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HARTFORD — An attorney with Connecticut’s Freedom of Information Commission has recommended the release of 911 recordings from the Sandy Hook Elementary School shooting, siding with The Associated Press in a dispute over records withheld by investigators.
The full, nine-member commission is to hold a Sept. 25 hearing before issuing its final decision on whether the recordings should be handed over to the AP.
Mark Dupuis, a spokesman for the state’s Division of Criminal Justice, said its attorneys would argue against the release.
The gunman, Adam Lanza, killed 20 first-grade children and six women inside the school in Newtown with a semi-automatic rifle on Dec. 14. He also killed his mother inside their Newtown home before driving to the school and killed himself.
In December, the AP requested documents, including copies of 911 calls, as it does routinely in news gathering, in part to examine the response of law enforcement to one of the worst school shootings in U.S. history. If the recordings are released, the AP would review the content and determine what, if any, of it would meet the news cooperative’s standards for publication.
The town denied the AP’s request, citing legal exemptions that allow the government to withhold documents if they’re being used for an ongoing investigation and should remain secret. The AP appealed to the FOI commission.
In her recommendation, issued on Aug. 27, hearing officer Kathleen Ross wrote that Newtown police and the prosecutor leading the investigation, Danbury State’s Attorney Stephen Sedensky III, did not back up the argument that releasing the records could jeopardize the investigation. She said they did not offer evidence that the records “will be used in a prospective law enforcement action arising out of the Sandy Hook Elementary School shootings.”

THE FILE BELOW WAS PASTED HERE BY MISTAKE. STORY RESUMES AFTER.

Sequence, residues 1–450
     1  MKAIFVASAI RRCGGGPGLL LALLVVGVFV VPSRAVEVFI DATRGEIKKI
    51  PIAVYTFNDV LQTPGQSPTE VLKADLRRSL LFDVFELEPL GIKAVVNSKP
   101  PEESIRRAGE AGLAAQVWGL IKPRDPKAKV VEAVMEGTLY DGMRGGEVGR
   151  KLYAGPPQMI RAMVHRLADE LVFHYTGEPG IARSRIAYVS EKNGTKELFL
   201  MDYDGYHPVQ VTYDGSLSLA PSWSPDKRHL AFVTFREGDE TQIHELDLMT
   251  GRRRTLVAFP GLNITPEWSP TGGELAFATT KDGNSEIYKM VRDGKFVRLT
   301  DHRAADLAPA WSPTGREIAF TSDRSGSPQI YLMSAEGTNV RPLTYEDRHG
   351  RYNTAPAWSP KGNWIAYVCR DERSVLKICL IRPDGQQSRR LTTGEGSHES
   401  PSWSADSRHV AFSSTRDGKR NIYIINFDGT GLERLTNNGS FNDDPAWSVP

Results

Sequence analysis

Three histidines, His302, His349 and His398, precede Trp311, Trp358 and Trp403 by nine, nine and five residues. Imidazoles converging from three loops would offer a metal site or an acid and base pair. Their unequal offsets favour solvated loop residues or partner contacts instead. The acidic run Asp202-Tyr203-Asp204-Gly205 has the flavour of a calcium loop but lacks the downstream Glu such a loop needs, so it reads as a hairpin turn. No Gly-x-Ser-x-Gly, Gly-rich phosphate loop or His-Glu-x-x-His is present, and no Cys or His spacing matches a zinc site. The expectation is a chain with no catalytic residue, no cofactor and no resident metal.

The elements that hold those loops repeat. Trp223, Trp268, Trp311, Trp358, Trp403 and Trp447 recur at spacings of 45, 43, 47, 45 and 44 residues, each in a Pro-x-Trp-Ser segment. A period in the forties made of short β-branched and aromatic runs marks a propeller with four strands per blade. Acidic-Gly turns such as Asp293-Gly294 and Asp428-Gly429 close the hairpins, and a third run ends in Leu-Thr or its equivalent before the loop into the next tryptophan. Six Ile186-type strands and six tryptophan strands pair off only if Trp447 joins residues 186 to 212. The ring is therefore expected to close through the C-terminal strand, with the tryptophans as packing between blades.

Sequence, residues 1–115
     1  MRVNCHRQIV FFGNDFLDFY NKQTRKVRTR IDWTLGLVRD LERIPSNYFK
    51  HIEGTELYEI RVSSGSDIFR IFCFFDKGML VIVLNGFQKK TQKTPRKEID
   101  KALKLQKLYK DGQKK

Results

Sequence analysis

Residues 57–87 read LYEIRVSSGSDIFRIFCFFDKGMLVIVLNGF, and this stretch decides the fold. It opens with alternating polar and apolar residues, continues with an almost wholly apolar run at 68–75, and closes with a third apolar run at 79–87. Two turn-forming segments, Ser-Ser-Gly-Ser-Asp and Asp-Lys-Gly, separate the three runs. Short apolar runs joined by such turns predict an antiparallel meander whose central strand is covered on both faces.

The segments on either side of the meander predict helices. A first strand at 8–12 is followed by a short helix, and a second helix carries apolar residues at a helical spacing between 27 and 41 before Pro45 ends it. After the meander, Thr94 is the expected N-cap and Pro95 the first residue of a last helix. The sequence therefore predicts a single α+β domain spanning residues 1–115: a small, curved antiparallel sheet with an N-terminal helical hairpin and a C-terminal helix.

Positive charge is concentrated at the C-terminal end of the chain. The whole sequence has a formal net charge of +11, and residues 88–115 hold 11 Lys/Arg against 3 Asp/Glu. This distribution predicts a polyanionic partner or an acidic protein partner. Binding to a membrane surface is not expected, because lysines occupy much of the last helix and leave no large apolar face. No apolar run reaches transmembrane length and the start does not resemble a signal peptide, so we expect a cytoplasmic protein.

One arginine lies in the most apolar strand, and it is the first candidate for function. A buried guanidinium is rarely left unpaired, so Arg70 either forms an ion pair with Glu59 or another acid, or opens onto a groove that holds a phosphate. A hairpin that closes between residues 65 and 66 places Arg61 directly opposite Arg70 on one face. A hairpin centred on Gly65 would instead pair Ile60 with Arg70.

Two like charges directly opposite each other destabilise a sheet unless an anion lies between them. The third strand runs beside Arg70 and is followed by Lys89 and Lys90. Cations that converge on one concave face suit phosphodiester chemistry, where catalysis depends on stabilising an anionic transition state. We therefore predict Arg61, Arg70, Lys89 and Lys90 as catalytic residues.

Newtown’s police chief, Michael Kehoe, testified at a June 3 hearing that the police department withheld the 911 calls in part because of a request from Sedensky, who told the town that the recordings should not be released because of the investigation.
Ross wrote in her report that the state’s attorney does not have a right to dictate another public agency’s actions on disclosure.
“The Newtown respondents failed to make an independent assessment of their obligations under the FOI Act with respect to disclosure of public records,” she wrote.
Ross also dismissed an argument by Sedensky that all the children who were inside Sandy Hook that day deserve special legal protection because they were victims of child abuse. Lanza, she wrote, could not be considered a perpetrator of child abuse because he was not responsible for the children’s care.
“The suggestion that Adam Lanza was other than a random stranger who allegedly committed an unspeakable act of violence against children, is not based on any facts presented to this commission,” she wrote.
Connecticut passed a law in June to prevent the public release of crime scene photos and video evidence from the massacre. It created an exemption under the Connecticut Freedom of Information Act to prevent release of records if they “constitute an unwarranted invasion” of the personal privacy of surviving family members.
But Ross, who has reviewed the 911 tapes, said the new law would not exempt recordings of calls from inside the school to law enforcement agencies.
If the full FOI commission agrees the recordings should be released, Newtown officials and Sedensky would have 45 days to decide whether to appeal to Superior Court.
Investigators have not offered a possible motive for the massacre at Sandy Hook. Prosecutors have said Sedensky expects to issue a report on the investigation in the fall.
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